4. Industry association confusion will continue in North America: The DSF will continue its emergence as a viable industry leader, DSA will pursue its “screenmedia” strategy of lumping digital signage with mobile and kiosks, and the DPAA appears to be ready to consider changing its membership requirements. Trouble is, they would also have to refocus their efforts to meet the needs of a more diverse membership base. One thing seems certain, however: The chances of consolidation in this part of the industry are low in the near term. In a way, just as networks need to pick a focused ad sales strategy, industry constituents will eventually vote with their dollars as to which organizations deserve support. My guess is that it will take at least another year to get to the point where consolidation is an obvious event.
  5. The movement of people will accelerate: This one is easy. Between the effects of the first two predictions, the level of activity that can be observed on LinkedIn and the increasing engagement of headhunters in DOOH, the mobility of digital signage talent of all types will be dramatic in the coming months. We will see more executive changes, lots of sales and business development movement, activity in the consulting world and more.
  6. Mobile will matter more, but networks will struggle with the best way to utilize it: Despite the ramblings of some who view the world through a 4 inch screen, the imperative to integrate with mobile applications will prove to be more along the lines of operations than technology. Engaging DOOH viewers through their smartphones before, during and after their engagement with a digital signage display makes sense. The rub is that there are simply too many ways to use mobile to make the choices simple. Even an established DOOH mobile player like LocaModa has many different ways to engage with mobile viewers, from surveys to games to Foursquare check-ins and moderated Twitter streams. The ability to offer coupons has no shortage of methods and providers. Good old SMS still offers coverage of the whole market, not just smartphones. Networks may choose to develop their own branded smartphone apps and micro-sites. New applications will undoubtedly pop up. So the buzz around mobile will not subside, but the application of mobile by network operators will have to be rationalized, and we will see more testing than commitment in the coming year.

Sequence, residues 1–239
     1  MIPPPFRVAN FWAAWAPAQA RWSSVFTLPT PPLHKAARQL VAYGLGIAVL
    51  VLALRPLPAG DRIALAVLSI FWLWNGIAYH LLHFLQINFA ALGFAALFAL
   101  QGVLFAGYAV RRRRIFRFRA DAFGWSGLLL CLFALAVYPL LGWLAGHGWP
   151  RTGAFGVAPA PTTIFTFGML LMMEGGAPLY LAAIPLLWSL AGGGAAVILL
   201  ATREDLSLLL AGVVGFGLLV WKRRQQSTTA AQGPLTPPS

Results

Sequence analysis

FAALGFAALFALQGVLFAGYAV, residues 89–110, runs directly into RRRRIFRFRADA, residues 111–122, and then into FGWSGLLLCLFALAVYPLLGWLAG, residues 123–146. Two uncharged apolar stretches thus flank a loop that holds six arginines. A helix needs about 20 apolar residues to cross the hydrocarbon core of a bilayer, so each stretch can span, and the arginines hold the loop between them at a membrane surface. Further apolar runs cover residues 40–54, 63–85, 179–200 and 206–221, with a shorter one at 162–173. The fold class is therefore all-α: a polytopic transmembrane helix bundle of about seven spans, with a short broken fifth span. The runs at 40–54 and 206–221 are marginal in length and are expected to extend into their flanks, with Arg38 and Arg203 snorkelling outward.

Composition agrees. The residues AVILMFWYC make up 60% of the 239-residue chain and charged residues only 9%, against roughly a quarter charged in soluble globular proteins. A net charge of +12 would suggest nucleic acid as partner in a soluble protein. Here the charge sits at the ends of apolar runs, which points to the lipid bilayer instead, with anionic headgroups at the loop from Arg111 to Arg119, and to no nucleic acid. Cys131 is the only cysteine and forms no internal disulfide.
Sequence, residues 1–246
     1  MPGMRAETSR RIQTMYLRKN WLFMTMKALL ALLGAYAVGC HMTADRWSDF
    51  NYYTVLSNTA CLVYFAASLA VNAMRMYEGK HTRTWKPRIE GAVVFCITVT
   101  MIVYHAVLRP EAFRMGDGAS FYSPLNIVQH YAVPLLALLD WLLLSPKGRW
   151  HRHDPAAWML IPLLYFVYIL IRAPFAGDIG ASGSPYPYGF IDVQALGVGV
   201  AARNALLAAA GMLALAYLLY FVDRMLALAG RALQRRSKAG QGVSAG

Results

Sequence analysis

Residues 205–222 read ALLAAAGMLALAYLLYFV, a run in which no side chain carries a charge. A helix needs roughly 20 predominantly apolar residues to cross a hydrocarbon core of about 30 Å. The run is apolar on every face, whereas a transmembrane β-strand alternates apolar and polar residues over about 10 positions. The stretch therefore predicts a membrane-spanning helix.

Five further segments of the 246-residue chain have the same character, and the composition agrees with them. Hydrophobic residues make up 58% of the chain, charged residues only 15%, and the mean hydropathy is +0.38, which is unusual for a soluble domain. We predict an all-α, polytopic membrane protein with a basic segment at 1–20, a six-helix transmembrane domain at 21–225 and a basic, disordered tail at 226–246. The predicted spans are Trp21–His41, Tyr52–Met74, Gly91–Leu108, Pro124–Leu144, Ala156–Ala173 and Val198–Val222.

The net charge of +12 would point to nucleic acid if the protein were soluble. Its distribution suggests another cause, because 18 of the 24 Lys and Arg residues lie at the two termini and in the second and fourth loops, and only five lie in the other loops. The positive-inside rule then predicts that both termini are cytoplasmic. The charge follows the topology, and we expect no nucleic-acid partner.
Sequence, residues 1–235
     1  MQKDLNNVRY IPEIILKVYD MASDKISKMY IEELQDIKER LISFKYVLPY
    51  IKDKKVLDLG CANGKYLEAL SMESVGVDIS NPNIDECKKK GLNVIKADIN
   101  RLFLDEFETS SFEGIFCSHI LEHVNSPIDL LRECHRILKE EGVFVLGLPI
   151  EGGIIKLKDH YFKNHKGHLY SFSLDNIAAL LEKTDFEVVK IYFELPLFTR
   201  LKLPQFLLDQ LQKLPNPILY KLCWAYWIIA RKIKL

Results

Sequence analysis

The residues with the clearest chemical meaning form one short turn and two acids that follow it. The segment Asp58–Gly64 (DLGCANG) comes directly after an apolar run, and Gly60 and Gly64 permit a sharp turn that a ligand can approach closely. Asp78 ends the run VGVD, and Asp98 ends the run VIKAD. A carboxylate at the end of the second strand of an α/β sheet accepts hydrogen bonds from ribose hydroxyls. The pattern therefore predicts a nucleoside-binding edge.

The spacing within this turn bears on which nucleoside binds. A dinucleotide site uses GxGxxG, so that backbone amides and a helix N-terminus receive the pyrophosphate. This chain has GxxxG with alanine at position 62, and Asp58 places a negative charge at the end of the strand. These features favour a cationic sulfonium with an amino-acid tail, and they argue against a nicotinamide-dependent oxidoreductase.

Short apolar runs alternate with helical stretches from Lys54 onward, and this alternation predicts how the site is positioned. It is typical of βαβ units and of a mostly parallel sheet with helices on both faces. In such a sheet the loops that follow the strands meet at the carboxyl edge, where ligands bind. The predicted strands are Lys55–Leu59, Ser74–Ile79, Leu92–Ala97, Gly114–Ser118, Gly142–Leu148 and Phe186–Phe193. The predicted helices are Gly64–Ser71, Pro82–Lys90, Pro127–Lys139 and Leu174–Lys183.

7. DOOH shows true signs of maturity: Perhaps this is a recap of the first six predictions, but  four of the five key signs of maturity have almost reached critical levels: interest of huge and established technology companies in the space; clear signs from the advertising community that DOOH is a valuable vehicle for their campaigns; rationalization of network operators and solution providers; and institutional interest in all aspects of the industry. Only the unsolved industry leadership puzzle prevents a clean sweep. Given all these factors, 2011 will likely be a year of foundation building for the mature industry that should emerge in 2012. There will be no shortage of interesting events to observe and analyze.

Did I miss anything? That would be a good bet. Feel free to post your thoughts and comments.